Tuesday, January 28, 2014

NTU union hails decision to toss lawsuit

NTU union hails decision to toss lawsuit

By Loa Iok-sin  /  Staff reporter

Fri, Nov 08, 2013 - Page 3

The National Taiwan University (NTU) Union yesterday welcomed the Taipei High Administrative Court’s decision to reject a lawsuit filed by the university against a Council of Labor Affairs’ ruling that students working as teaching assistants (TA) and research assistants (RA) are school employees.
“The court decision says whether you are a TA, an RA, or are hired for a project, you are an employee of the university. Your status as a student and as an employee do not contradict each other,” NTU Union secretary-general Lin Heng-kai (林衡凱) said after the court handed down its decision in the morning. “This is a victory not only for the NTU union, but it is a victory for the more than 100,000 graduate students working as assistants on campuses around the country.”
Both the council and the court have made similar decisions that recognize that students working as teaching or research assistants are university employees, “which means we enjoy all the rights granted to laborers by the law. We hereby call on the National Taiwan University administration to recognize those rights and not appeal the court’s decision,” Lin said.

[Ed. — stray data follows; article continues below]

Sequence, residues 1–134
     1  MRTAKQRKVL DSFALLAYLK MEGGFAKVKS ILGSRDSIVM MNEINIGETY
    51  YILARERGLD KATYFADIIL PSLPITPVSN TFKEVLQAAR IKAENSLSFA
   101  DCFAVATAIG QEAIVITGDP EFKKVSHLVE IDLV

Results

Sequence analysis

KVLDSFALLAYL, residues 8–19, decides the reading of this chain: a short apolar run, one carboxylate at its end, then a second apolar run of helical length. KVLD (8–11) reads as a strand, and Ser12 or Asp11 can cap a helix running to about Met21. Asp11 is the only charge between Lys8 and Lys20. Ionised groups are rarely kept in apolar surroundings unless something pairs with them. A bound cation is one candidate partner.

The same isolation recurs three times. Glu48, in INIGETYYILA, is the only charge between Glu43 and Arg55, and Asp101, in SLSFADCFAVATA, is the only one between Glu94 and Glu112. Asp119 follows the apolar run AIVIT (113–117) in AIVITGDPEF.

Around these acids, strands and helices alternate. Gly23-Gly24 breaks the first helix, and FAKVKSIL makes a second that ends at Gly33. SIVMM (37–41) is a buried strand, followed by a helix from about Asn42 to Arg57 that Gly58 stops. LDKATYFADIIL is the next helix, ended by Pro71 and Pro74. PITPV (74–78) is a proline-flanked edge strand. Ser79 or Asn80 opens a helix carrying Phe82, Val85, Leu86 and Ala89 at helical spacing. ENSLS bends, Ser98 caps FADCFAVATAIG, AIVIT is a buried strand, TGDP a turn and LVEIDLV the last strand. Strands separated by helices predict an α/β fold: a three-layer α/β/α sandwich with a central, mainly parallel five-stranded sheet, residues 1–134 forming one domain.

Teaching and research assistants filed an complaint with the council, accusing the university of violating labor laws by giving salaries or providing working conditions that are lower than those required by the Labor Standards Act (勞動基準法).
After the council ruled in favor of the union in April, the university filed a lawsuit seeking to have the council’s decision overturned.
The university said that graduate students working as teaching or research assistants are not employees, but students with jobs that are internship in nature and that give them hands-on experience, so they should not enjoy full labor rights under the law.
However, the Taipei High Administrative Court disagreed and rejected the school’s lawsuit.
“We want our status as employees so that we may have a legal basis to fight for our working hours, salary, labor insurance and other labor rights,” Lin said. “We call on the government and schools to take responsibility for protecting labor rights on campuses.”
“What we need are talented people, not slaves,” he said.

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